Scott Martin on Instagram: “Kurume Azalea on show for today’s Introduction to Bonsai Course on a very hot Saturday. Passion for bonsai is alive and well in Australia!…”

https://www.instagram.com/bonsaimatsu/p/BufcpcpjRq9/

Advertisements

Scott Martin on Instagram: “Cryptomeria japonica that stands almost 1m tall. Still developing and I enjoy this tree. #bonsai #bonsaifromaustralia #bonsaimatsu…”

https://www.instagram.com/bonsaimatsu/p/Bu0EaxdDx-1/

Are There “No Birds Out There?” – A Day on a Christmas Bird Count as a Case Study.

Maine Birding Field Notes


It was a record year for Evening Grosbeaks in our CBC territory.

On Sunday, December 30th, Erin Walter joined me for the Freeport-Brunswick Christmas Bird Count (CBC). My annual territory covers most of Freeport west of I-295, with a small bite of Yarmouth, a sliver of Pownal, and a corner of Durham. It’s suburban and ex-urban, almost exclusively residential, and public open space is limited to Hedgehog Mountain Park and adjacent playing fields, Florida Lake Park, and Hidden Pond Preserve.

Like all of the CBCs I do, we walk…a lot. And this year was no exception. While the rest of the team abandoned me (the car was full just the day before!), Erin stuck with the deathmarch to its chilly end, and Jeannette (and Bonxie) covered the Hedgehog Mountain Park area in the early morning for us. With just a team of two for the day, Erin and I spent…

View original post 1,563 more words

2019 Maine Birds Predictions Blog

Maine Birding Field Notes

L1120975_GBHA_withbirdwalk1Great friggin’ Black Hawk. In Maine. Nope, not on my predictions list. And not in a city. And not eating squirrels. And not in the snow…

Yup, it’s that time of year again. Hey, remember when we couldn’t wait for 2017 to end? And then 2018 happened? Yeah, well…come on 2019 – we need you! But 2018 did feature some incredible birding in Maine, with some “Mega” rarities that at least provided temporary distraction from everything else.

And as 2018 comes to a close, it’s once again time for my annual Predictions Blog, where I view into my crystal binoculars and attempt to forecast some of the “new” birds to grace the State of Maine, and my own personal state list, in the coming year.

But first, let us check in with my 2018 Predictions post, and see how I did.

For the second year in a row, an…

View original post 1,111 more words

2019 Birds on Tap – Roadtrip! Series

Maine Birding Field Notes

group_at_Hills_edited-1group_at_Kennebunk3_edited-1Freeport Wild Bird Supply and The Maine Brew Bus are excited to collaborate on ten great outings for 2019 in our popular “Birds on Tap – Roadtrip! series. The unique, relaxed birding and beer-ing adventures that you have come to love combine great local birding at seasonal hotspots with visits to sample the delicious creations of some of our favorite local breweries. These tours are a perfect introduction to birding and/or craft beer, and a great opportunity to travel with significant others, friends, and family that have interest in one topic, while your interest is primarily in the other (for now!). Seasonal birding hotspots and great local beer – a perfect combination, and we’ll even do all of the driving!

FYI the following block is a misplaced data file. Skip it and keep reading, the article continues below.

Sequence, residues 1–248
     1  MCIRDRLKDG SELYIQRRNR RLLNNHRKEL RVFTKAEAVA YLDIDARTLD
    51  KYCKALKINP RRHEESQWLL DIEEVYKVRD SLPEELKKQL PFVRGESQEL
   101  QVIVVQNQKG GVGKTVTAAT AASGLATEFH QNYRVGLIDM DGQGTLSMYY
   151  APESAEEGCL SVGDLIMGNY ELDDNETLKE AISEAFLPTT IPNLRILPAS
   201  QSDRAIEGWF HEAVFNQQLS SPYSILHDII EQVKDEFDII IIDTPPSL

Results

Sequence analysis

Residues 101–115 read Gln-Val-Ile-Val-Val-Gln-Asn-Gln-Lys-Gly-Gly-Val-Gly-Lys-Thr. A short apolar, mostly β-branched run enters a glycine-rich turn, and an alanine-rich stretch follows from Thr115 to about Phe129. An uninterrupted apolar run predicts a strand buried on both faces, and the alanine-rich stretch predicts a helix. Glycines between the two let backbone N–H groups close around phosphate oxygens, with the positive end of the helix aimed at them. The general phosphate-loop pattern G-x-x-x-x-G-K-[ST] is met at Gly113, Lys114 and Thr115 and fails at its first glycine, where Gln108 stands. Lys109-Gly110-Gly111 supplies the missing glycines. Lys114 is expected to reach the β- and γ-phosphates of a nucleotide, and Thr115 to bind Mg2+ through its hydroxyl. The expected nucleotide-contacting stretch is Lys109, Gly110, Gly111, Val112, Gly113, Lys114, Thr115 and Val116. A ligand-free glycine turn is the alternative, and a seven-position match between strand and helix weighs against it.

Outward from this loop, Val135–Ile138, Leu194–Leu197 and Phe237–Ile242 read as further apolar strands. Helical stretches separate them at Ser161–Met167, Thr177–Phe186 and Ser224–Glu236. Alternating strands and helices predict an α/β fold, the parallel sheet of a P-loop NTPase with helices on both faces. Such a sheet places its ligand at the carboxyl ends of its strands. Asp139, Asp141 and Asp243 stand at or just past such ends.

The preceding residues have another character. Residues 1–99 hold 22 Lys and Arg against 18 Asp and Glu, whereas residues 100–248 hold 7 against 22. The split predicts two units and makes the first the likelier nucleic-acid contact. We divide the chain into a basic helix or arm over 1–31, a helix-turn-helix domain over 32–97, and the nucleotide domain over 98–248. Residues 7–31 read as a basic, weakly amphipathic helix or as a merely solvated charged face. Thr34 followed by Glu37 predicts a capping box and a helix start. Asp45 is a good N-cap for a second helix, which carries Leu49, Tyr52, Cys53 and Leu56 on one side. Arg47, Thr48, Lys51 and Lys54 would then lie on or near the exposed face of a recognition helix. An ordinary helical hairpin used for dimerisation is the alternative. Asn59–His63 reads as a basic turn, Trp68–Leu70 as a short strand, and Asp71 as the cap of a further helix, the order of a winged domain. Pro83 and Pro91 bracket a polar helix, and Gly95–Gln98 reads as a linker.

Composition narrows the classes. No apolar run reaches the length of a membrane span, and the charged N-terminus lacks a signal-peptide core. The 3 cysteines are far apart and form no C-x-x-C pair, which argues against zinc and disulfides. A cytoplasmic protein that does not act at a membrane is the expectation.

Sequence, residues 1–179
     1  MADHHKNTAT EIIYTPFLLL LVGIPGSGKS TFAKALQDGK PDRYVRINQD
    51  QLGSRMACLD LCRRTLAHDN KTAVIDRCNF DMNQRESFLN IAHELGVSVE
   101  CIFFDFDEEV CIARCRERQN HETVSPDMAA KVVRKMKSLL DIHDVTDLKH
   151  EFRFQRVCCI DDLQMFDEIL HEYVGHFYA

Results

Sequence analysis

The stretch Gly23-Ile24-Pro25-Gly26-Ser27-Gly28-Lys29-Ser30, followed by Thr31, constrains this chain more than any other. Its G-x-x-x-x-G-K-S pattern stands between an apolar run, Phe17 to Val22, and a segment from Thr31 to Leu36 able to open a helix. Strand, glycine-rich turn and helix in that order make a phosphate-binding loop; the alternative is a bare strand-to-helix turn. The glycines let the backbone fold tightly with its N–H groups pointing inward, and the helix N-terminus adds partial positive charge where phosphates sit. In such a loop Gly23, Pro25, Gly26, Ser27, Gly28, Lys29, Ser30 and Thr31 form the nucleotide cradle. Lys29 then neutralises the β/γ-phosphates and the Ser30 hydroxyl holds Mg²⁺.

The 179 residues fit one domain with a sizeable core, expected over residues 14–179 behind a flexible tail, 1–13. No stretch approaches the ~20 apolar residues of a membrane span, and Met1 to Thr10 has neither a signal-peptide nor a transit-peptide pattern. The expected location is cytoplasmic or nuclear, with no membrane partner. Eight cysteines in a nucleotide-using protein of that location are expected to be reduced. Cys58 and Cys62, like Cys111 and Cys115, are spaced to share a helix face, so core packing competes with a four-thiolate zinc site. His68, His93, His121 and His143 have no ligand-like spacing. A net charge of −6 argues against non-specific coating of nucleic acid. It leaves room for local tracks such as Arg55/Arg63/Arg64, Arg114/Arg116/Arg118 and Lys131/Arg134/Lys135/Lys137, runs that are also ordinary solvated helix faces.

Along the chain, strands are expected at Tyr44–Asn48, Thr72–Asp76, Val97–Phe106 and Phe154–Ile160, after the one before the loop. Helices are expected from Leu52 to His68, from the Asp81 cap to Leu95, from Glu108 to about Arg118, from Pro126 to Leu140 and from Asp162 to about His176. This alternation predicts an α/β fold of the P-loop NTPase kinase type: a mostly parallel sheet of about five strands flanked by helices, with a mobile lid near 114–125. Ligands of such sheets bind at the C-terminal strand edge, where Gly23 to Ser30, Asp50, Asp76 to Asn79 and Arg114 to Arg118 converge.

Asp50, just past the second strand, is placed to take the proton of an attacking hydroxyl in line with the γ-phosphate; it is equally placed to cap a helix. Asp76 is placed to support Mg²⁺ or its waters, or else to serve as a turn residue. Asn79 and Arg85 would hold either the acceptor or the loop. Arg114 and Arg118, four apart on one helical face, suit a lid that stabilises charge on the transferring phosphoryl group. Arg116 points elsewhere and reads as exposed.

For 2019, we have added a brand new “Rarity Roundup” tour in November, and completely overhauled the brewery (and distillery) destination for almost every tour. We’ll visit breweries from Newcastle…

View original post 2,018 more words

American wigeon also known by name ‘baldpate’

Our Fine Feathered Friends

Wigeon-TimMcCabe Photo by Tim McCabe/U.S. Fish & Wildlife Service • This male American wigeon shows the white head patch that gives this duck its other common name of “baldpate.” In this photograph, a female wigeon rests near her mate while a male redhead, a species of diving duck, swims in the background. This duck nests in season wetlands in the American midwest.

Erwin, Tennessee, resident Pattie Rowland recently asked my help identifying some ducks she had photographed at the pond at Erwin Fishery Park. She already suspected the ducks in her photo were American wigeons, but she wanted confirmation.

The ducks were indeed wigeons, which are classified with the “dabblers” instead of the “divers,” which are two broad categories for describing the wild ducks likely to occur throughout North America. Dabblers feed mostly near the surface of the water, foraging on everything for aquatic insects to roots and tubers. The “divers,”…

View original post 858 more words

My Eyes Always Come Out Red In Photos

Through Open Lens

F/ 6.3, 1/640, ISO 200.

Canvasback

“Doctor, doctor, my wife thinks she’s a duck.”

“You better bring her in to see me straight away.”

“I can’t do that – she’s already flown south for the winter.”

Interesting Fact: The species name of the Canvasback, Aythya valisineria, comes from Vallisneria americana, or wild celery, whose winter buds and rhizomes are its preferred food during the nonbreeding period. ( https://www.allaboutbirds.org/guide/Canvasback/lifehistory )

View original post